If you are interested in making a brain dessert, there are brain moulds around or use a ring-shaped jelly mould, fill in the hole with chocolate mousse and gently cover with almost set jelly.  Cover the whole thing with chocolate mousse and la voilà, an educational treat!

Ideas, lessons and units currently available on for Teaching Outside the Box http://teachingideasoutsidethebox.wordpress.com/


6. TEN BOOK REPORTS IN A YEAR: THE PACKAGE

This unit is aimed at getting twelve year olds to read in quantity and quality.  It could be adapted for other grades and might need to be adapted for other marking systems.  The list in number 5 was originally written to go with this unit.

5.         Have You Read?

A list of books aimed at academically talented grade seven and eight students with the intention of broadening their usual tastes in reading and pushing them to try something new or a bit more challenging.

4.  Finding the Poetry

A lesson aimed at teaching the important parts of writing poetry: words and feelings.

3.  Learning to Love Teaching Poetry

It’s tough teaching poetry well.  This is a suggestion for a unit used for grades two, three and four using The Walrus and the Carpenter and The Tyger.

2.  Lessons in Perspective (Art, Empathy, Math, Literature)

A unit that combines lessons in perspective in art, empathy and mathematics.  Can be expanded to include literature and writing. Can be adapted K-12

1. Using the Internet to teach and teaching students how to use the Internet

Ideas on teaching research skills to all grade levels, including appropriate use of Internet, identification of bias, Boolean logic, using indexes, encyclopaedias and other resources.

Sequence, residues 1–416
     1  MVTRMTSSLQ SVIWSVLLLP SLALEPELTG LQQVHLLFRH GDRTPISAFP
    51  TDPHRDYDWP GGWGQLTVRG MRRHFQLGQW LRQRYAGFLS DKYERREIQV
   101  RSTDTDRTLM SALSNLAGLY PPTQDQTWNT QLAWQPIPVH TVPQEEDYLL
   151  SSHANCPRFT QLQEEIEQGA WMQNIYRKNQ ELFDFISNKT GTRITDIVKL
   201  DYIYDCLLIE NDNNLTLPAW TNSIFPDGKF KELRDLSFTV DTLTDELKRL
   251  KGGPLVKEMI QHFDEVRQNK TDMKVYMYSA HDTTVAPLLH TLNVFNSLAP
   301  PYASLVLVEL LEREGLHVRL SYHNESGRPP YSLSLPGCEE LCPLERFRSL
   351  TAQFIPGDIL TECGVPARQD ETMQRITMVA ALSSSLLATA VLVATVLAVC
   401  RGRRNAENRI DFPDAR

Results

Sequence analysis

What’s in “Education for All” Besides the Concept of Universal Design?


Part 3 of “Education for All”

Education for All was written by a collection of administrators and professors lightly seasoned with a teacher.  It is a collection of good ideas for clarifying the strengths and needs of students and working out ways to teach them well.  Making the best use of it will require taking time to read it carefully and make note of the most useful ideas.  Some teachers may find the ideas too time consuming.  Not every idea is practical in every classroom, especially if there is only one teacher, but in principle, the ideas are promising.  Here is a brief guide.

As I noted in a previous post, the writers failed to make their point about Universal Design but they did a nice job of demonstrating differentiation in the second chapter.  They go on to make lots of useful suggestions for basic approaches to teaching.  Unfortunately, as you will find throughout the book, the suggestions are general; to get something specific and especially concrete that can go from book to classroom, you will have to turn to other books.  Some are mentioned in the bibliography, but they are not distinguished from the purely academic.  This may seem a trivial point but for a teacher hoarding every minute, the time involved in sieving a bibliography for nuggets of usefulness can be too much.

The writers do refer to a great teaching method, but one I wouldn’t normally recommend for K to 6 students.  The Expert Panel calls it Problem Based Approach (p. 17).  They haven’t quite grasped the concept of Ill-Structured-Problem-Based Solving they are actually trying to describe.  It is effective but needs careful design, firmness and support in order to work.  There is a reason it started with Harvard and the innovative McMaster medical school and not in someone’s grade 4 class.